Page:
by Damon de Laszlo, ERC Chairman

Damon de Laszlo

Damon de Laszlo

With summer over and holiday memories receding, it seems that little has changed!

The recalcitrance of the Barnier/Tusk regime continues as before with every proposal put forward by the British government being rubbished with no alternative suggestions offered. This stance has even hardened with Tusk’s personal insults addressed to Mrs May. May’s response has been, by contrast, calm and statesmanlike. She battles on against extraordinary odds with her efforts to deliver a negotiated relationship with Europe which everyone, apart from the Brussels negotiating team, would regard as the desirable outcome. The ‘leave’ lobby has never been a cohesive group as it has no support from the state. The ‘remain’ lobby while politically diverse, is led by the intellectual establishment with the Chancellor and the Governor of the Bank of England dishing out extraordinary economic forecasts that mostly seem designed to destabilise the economy and enhance the call for a re-run of the referendum, as well as undermining the government’s negotiating position with Brussels. These are the same people who I believe should have objected more loudly to the referendum in the first place, basically calling for another because they didn’t like the outcome. Whether one was pro-leave or remain, the consequence of calling another referendum, whichever way it turned out, would cause further major economic disruption and ignores the fact that Barnier said at the beginning of the process that this was a one-way exercise.

Information within Britain about the likely impact on European business of a bad exit is scant. Major European companies who depend on the complex supply chains of modern manufacturing are deeply worried and the Brussels negotiating stance of trying to isolate British financial services from the economy would have a major impact on European financial systems as well as causing major issues for the European government’s budgeting. Europe’s financial systems are exceedingly vulnerable to disruption in its markets and a credit crisis is not difficult to envisage if European liquidity is disturbed.

Looking across the Atlantic, one has to start thinking that Europe is becoming a sideshow to the Pacific Rim countries. Relations between the US, China and Russia are of greater importance to the global economy than the games being played in Europe. While President Trump’s US domestic politics and his achievements in tax reform, coupled with the rolling back of bureaucracy, are creating a booming US economy; his international policies are however exceedingly worrying. While domestic US politic manoeuvrings are causing a breakdown in relations with Russia and Trump’s growing trade fight with China, which to some extent is justifiable, the effect is to drive these two countries together economically and politically.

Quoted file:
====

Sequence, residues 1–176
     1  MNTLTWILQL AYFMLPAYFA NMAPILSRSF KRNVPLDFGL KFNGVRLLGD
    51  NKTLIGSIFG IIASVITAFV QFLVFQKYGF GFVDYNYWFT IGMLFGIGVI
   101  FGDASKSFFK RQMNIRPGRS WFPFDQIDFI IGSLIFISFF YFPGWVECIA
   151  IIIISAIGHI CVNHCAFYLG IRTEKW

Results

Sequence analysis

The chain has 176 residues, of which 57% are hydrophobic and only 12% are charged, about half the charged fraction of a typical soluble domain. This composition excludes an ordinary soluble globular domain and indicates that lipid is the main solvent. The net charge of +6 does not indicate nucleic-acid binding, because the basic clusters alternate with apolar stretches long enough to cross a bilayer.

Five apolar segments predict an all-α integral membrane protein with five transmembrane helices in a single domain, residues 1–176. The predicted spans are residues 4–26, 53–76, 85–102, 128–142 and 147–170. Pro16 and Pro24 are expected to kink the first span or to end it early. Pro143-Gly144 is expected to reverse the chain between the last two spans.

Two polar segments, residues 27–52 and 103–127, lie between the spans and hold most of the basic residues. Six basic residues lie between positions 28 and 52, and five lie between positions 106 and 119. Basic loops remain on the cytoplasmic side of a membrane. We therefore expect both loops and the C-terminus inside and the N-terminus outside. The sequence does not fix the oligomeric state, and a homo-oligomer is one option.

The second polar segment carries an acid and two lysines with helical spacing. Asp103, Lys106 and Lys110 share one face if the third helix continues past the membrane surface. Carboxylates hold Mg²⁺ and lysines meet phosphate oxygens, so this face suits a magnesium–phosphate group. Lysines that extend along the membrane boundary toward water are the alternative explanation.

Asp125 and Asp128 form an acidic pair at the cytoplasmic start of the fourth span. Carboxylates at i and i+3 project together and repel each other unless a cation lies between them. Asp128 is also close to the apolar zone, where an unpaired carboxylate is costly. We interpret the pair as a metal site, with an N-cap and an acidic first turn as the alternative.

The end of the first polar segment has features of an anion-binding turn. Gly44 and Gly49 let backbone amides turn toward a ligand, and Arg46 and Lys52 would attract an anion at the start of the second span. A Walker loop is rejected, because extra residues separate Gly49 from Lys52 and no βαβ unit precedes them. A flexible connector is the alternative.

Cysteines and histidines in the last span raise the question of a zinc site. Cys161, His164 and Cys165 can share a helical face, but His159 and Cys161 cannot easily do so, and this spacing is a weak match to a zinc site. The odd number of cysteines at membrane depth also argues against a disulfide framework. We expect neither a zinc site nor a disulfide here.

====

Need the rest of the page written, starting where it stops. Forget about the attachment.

Trump’s stance towards China hopefully can turn into a resolution and re-negotiation of trade disputes before he does too much long-term damage. In the longer term, his policies are encouraging China to become self-sufficient in technology, where before they were less concerned with some of the weak links in their technology supply chains.

China’s economic policies have been focussing more on its industrial vertical integration and raising living standards. Going forward we will see an acceleration of its investment in super computers and artificial intelligence. China’s businesses are in many areas overtaking western manufacturers, particularly in areas of robotics and advanced manufacturing techniques. Their education programmes are focussed on developing science and engineering skills, long term developments that are needed to take advantage of modern technology. These are areas that the west almost completely fails to address. British and American universities live on their laurels and government programmes do not take into account the need of their countries to have computer, engineering and scientifically qualified workforce.

One does not have to like the Chinese system of government, but one does have to admire their focus on future economic development, and with it their growing ability to influence the Pacific Rim countries.

While one can be nervous and perhaps a little depressed about the state of Western democracies, the global economy continues to do well. A country the size of China growing at an enviable 5+% is remarkable and its growth is encouraging and leading the ASEAN economic growth. The US economy, despite the trade issues, continues to power ahead and even India is showing some sign of economic improvement. Basically, all good for the populations of most countries, except in countries where politics are derailing the economy. At the end of the day, it is business, trade and commerce that creates prosperity, but this cannot flourish where governments are incompetent.

Damon de Laszlo

September 24th, 2018

Posted by Aimée Allam